Guinea army stages coup, detains President Conde The army’s statement came hours after heavy gunfire broke out near the presidential palace in the capital Conakry, with several sources saying an elite national army unit led by a former French legionnaire, Mamady Doumbouya, was behind the unrest.
Guinean special forces have staged a coup, arresting the president, in the latest political upheaval to roil the impoverished west African country.
“We have decided, after having taken the president, to dissolve the constitution,” said a uniformed officer flanked by soldiers toting assault rifles in a video sent to AFP.
The officer also said that Guinea’s land and air borders have been shut and the government has been dissolved.
Another video sent to AFP by the putschists showed a rumpled-looking President Alpha Conde sitting on a sofa, surrounded by troops. He refused to answer a question from one soldier about whether he was being mistreated.
Guinea – one of the world’s poorest countries despite boasting significant mineral resources – has long been beset by political instability.
Earlier on Sunday, residents of the capital Conakry’s Kaloum district, the government quarter, reported hearing heavy gunfire.
A Western diplomat in Conakry who declined to be named suggested the unrest may have started after the dismissal of a senior commander in the special forces – provoking some of its highly trained members to rebel.
AFP was unable to independently confirm this account.
Later on, the head of Guinea’s military special forces, Lieutenant-Colonel Mamady Doumbouya, appeared on public television, draped in the national flag, and cited government “mismanagement” as a reason behind his actions.
“We are no longer going to entrust politics to one man, we are going to entrust politics to the people,” the coup leader said.
“Guinea is beautiful. We don’t need to rape Guinea anymore, we just need to make love to her,” Doumbouya added.
UN chief condemns ‘takeover’
UN Secretary General Antonio Guterres condemned the apparent coup in Guinea and urged putschists to release the country’s detained president.
“I am personally following the situation in Guinea very closely. I strongly condemn any takeover of the government by force of the gun and call for the immediate release of President Alpha Conde,” Guterres tweeted.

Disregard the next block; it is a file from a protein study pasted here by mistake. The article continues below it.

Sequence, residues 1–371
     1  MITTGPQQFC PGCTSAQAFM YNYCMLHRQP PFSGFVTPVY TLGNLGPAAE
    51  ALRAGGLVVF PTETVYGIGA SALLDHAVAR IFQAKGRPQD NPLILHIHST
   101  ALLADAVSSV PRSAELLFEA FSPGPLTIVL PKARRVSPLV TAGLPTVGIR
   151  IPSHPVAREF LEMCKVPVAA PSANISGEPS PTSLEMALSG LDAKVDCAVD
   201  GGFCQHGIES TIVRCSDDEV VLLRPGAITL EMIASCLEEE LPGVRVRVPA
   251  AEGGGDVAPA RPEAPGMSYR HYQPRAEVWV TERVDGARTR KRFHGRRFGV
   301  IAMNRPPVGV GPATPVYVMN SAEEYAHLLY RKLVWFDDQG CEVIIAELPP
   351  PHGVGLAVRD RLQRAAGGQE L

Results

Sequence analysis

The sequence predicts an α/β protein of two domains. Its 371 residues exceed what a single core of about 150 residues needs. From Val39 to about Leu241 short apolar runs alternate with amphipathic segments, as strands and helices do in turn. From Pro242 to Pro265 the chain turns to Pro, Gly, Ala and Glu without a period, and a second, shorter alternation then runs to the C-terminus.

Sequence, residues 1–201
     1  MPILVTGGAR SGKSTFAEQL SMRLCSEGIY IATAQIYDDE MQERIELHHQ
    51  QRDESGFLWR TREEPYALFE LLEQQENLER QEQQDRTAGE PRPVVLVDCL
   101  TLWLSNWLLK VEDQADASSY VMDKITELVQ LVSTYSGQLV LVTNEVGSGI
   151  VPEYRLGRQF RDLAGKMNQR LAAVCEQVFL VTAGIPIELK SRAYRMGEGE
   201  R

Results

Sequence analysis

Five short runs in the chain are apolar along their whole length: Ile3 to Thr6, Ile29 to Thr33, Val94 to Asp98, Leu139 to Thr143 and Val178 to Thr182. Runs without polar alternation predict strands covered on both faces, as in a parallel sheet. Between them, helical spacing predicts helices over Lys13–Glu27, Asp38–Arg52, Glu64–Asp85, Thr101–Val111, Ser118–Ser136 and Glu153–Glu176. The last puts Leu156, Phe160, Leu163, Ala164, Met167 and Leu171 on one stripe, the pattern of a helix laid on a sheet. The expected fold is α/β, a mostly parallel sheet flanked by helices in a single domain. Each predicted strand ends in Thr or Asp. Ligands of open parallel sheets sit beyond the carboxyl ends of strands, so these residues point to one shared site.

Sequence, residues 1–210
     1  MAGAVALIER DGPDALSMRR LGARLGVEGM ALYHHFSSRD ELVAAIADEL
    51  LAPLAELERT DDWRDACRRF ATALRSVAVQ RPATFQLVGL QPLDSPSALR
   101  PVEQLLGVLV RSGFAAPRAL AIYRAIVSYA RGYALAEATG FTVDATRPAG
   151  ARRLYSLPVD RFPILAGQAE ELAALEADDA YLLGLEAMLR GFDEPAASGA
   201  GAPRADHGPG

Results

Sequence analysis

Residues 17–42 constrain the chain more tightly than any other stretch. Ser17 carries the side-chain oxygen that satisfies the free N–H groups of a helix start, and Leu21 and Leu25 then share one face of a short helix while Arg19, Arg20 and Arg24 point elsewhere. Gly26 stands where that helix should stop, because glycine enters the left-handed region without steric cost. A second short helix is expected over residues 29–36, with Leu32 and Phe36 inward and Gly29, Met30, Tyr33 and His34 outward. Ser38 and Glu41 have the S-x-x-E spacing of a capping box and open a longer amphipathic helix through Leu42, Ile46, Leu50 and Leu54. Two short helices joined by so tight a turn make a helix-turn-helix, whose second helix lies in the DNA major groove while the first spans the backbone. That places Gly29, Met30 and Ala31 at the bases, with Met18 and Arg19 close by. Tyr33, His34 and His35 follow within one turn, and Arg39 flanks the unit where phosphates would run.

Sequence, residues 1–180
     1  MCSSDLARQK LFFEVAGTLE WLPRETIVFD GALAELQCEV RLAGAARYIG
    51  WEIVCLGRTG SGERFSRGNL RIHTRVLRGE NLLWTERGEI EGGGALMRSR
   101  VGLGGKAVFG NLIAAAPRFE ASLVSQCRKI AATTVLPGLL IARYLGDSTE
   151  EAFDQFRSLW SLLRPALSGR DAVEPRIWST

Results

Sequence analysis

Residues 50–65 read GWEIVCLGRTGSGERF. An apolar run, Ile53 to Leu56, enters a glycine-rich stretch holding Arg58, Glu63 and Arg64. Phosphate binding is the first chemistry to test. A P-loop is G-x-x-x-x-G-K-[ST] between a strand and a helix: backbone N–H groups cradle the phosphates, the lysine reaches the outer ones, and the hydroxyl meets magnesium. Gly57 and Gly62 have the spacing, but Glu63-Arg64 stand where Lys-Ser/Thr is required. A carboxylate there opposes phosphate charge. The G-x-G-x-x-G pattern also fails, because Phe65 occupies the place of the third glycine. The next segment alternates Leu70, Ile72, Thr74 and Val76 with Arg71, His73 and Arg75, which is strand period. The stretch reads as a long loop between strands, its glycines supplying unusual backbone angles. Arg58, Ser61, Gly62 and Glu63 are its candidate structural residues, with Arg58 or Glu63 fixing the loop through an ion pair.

The putsch comes amid a long period of political tension in Guinea, first spurred by Conde’s highly contested bid for a third presidential term last year.
The day before the presidential election last year, the military blocked access to Kaloum after an alleged military rebellion east of the capital.
Conde, 83, also survived an assassination attempt in 2011.
‘Proud of the special forces’
There was initial confusion about Sunday’s events, as the government released a statement saying that it had “repulsed” a special forces attack on the presidential palace.
But the reality of the putschists’ success set in as the day wore on.
The coup plotters announced a so-called national committee for assembly and development, which will be tasked with consulting political and civil society figures on the way forward.
They said the constitution would be rewritten.
Doumbouya also told French media “we are holding all of Conakry,” and that he had the support of all the defence and security forces.
News of the coup sparked celebrations in some parts of the capital, where hundreds of people applauded the soldiers.
“We are proud of the special forces,” said one demonstrator who requested anonymity. “Death to the torturers and to the murderers of our youth”.
The most recent presidential poll in the nation of some 13 million people, in October 2020, was violently disputed and also marred by accusations of electoral fraud.
Conde won a controversial third term in that poll, but only after pushing through a new constitution in March 2020 that allowed him to sidestep the country’s two-term limit.
Dozens of people were killed during demonstrations against a third term for the president, often in clashes with security forces. Hundreds were also arrested.
Conde was then proclaimed president on November 7 last year – despite his main challenger Cellou Dalein Diallo as well as other opposition figures calling the election a sham.
After the poll, the government launched a crackdown and arrested several prominent opposition members for their alleged role in abetting electoral violence in the country.
Conde, a former opposition leader himself who was at one point imprisoned and sentenced to death, became Guinea’s first democratically elected leader in 2010 and won re-election in 2015.
Hopes of a new political dawn in the former French colony have withered, however, and he has been accused of drifting into authoritarianism.